Faith-Based Fun and Some Serious Lessons Learned during Catholic Schools Week
Next week is Catholic Schools Week. And even though we’re about to be bit by a bitter cold snap in the middle of a snowy winter, I anticipate a warm and welcoming week with lots of faith-based festivities.
We start with an all-school Mass on Monday. What a great way to begin the week-long celebration. I always love to see our peer ministers providing music ministry, doing the readings, and being Eucharistic Ministers at Mass. They will also brave the cold on Tuesday morning as they deliver coffee and donuts to parents in their cars at morning dropoff. These students are true leaders. They’ve stepped up and are willing to tell their peers that they are young people of faith, sharing who they are in a very public yet humble way.
We will also have a Catholic Schools Week medallion hunt and a Catholic Schools Week Trivia contest. Students can win a prize by getting all five trivia questions correct, and CLICK HERE to give it your best shot! The deadline for entry is Tuesday at 3 pm. A winner will be selected randomly from those with 100% correct answers. You are free to look up answers online before submitting! Two competitions – one for students and one for adults. All will be notified in an email if you are an award winner!
Next week our staff members will share why they’re passionate about working in a Catholic school over the PA announcement each morning. We’ve asked several students to tell us why they love attending Hill-Murray. Here is one of the videos. We will post the remainder on social media and our website next week.
At the end of the day (or the week), we are joining almost 1.7 million elementary and secondary students around the country to celebrate this special week. We are celebrating what it means to be a Catholic school, how much we appreciate being a faith-based community, and why we love Hill-Murray so much.
I still remember the wonderful chaos of Catholic Schools week when I attended Holy Childhood as a young girl in Saint Paul. Catholic Schools Week is so much more than fun and games. This week always reminds me of our deep and enduring commitment to every one of our students and to their academic, emotional, and spiritual growth. From the very beginning, Catholic school students have been challenged to learn, challenged to grow, and challenged each day to become the kind of citizens and leaders that God intends them to be, and our world so desperately needs.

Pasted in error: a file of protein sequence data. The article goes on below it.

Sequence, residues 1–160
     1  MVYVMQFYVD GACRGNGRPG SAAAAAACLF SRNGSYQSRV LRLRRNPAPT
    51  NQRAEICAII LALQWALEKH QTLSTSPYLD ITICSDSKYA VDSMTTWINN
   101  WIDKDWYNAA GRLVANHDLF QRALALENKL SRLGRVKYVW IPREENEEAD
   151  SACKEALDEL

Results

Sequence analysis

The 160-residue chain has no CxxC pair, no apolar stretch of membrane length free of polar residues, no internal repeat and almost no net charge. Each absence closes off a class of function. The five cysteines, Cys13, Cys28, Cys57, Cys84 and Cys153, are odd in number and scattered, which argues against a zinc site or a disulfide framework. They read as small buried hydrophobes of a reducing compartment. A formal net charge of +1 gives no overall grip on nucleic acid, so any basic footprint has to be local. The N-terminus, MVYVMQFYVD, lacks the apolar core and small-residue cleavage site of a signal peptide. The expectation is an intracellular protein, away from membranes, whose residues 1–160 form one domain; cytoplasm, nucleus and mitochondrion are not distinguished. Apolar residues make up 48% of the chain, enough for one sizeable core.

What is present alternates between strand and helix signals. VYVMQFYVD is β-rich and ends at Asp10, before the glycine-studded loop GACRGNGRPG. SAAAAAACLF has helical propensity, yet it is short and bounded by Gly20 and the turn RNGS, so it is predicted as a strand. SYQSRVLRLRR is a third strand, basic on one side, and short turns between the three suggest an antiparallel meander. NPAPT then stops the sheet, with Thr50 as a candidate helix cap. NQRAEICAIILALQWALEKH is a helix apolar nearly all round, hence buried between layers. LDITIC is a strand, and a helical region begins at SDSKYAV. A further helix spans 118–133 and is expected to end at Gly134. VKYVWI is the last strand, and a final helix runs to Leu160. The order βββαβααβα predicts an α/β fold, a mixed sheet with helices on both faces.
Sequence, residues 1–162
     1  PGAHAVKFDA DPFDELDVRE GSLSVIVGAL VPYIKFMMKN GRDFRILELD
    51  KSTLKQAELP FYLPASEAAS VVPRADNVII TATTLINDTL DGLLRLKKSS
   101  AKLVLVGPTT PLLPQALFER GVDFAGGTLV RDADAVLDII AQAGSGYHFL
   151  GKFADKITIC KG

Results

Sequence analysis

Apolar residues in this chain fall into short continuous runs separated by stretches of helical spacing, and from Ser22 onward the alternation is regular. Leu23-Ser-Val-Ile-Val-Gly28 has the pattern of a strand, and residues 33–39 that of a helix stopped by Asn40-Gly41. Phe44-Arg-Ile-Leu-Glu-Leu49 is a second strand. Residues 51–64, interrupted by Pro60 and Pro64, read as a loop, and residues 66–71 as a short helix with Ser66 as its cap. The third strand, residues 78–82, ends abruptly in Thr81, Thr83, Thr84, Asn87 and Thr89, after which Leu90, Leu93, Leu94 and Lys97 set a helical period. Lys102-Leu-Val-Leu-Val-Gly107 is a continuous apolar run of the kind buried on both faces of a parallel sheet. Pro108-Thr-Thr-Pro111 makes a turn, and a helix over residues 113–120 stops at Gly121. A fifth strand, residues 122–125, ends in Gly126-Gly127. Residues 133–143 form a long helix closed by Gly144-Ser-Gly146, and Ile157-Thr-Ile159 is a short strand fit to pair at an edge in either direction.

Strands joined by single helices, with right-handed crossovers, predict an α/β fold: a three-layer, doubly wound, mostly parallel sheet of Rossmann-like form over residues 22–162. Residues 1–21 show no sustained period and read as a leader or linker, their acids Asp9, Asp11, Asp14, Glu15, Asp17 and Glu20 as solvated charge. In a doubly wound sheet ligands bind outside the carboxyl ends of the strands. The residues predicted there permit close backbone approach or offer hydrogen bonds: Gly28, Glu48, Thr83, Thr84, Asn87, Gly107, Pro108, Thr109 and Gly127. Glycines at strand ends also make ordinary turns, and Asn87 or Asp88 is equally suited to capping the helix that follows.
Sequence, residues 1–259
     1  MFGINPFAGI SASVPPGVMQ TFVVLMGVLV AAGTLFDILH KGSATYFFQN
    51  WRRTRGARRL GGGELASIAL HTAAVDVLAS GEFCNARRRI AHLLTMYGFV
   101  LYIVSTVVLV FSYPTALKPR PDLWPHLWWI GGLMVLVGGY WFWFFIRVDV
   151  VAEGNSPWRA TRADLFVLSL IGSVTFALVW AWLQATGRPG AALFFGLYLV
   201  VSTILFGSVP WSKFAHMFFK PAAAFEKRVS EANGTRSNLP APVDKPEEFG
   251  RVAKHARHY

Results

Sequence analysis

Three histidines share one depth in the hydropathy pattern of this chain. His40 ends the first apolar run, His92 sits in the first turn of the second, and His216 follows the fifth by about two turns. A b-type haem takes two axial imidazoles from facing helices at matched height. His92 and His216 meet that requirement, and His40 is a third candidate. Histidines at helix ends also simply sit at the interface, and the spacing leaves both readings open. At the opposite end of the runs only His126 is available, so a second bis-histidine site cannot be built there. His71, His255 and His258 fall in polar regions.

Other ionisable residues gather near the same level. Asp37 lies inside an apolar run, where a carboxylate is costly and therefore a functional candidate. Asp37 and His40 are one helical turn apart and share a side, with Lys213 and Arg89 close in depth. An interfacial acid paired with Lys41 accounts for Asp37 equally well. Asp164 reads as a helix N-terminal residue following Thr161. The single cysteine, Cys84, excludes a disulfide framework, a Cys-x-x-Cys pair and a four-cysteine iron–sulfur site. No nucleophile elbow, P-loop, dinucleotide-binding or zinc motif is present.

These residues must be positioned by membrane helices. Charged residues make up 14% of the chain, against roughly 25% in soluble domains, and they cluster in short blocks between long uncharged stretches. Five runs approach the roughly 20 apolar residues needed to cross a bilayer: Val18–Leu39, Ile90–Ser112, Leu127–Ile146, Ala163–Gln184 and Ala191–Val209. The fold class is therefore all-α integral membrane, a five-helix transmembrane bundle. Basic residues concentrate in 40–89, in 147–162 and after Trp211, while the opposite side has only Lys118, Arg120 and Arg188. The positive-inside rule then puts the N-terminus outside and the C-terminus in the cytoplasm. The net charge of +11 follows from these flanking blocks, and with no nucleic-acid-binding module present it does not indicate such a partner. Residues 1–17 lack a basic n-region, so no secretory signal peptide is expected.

Another hallmark of Catholic education is service to others. Tomorrow, a group of students and two staff members will travel to Browning, Montana, on a mission trip to DeLaSalle Blackfeet School. There they will immerse themselves in the school culture, working with 4th – 8th grade students who live on the Blackfeet Indian Reservation. Students will spend time with community members learning more about their experiences and building connections. Blackfeet School is part of the international Lasallian network of schools to which Hill-Murray belongs.
We end Catholic Schools Week with our faculty and staff retreat on Friday. Like all Catholic schools, our goal at Hill-Murray is to cultivate caring, compassionate, and dedicated teachers and staff. The theme of our retreat this year is the Benedictine charism and Benedictine spirituality. Last year centered on our Lasallian charism, which focused on Gospel-based teaching and learning and how we show up for our students. This year we’ll provide our faculty and staff with a prayerful experience, ultimately, a time for reflection.
One of the sessions includes a deep dive into praying the Liturgy of the Hours, an ancient structured way of praying throughout the day, focusing especially on the Psalms. It’s an opportunity for our faculty and staff to attend to their own spiritual growth and allow God to refresh and renew their vocation as educators. I’ve been praying the Morning and Night Prayer more regularly this year, and not only does it ground my day, but it has deepened my spiritual life – I am more aware of and notice His Presence everywhere.
Lastly, I can’t help but acknowledge that there’s a sacrifice to send a student to Hill-Murray. We never forget that sacrifice, and we never assume that it is easy. The investment parents and many others are making and the trust they place in our school reflects the commitment we share to bringing faith to life – not just next week – but every week throughout the year.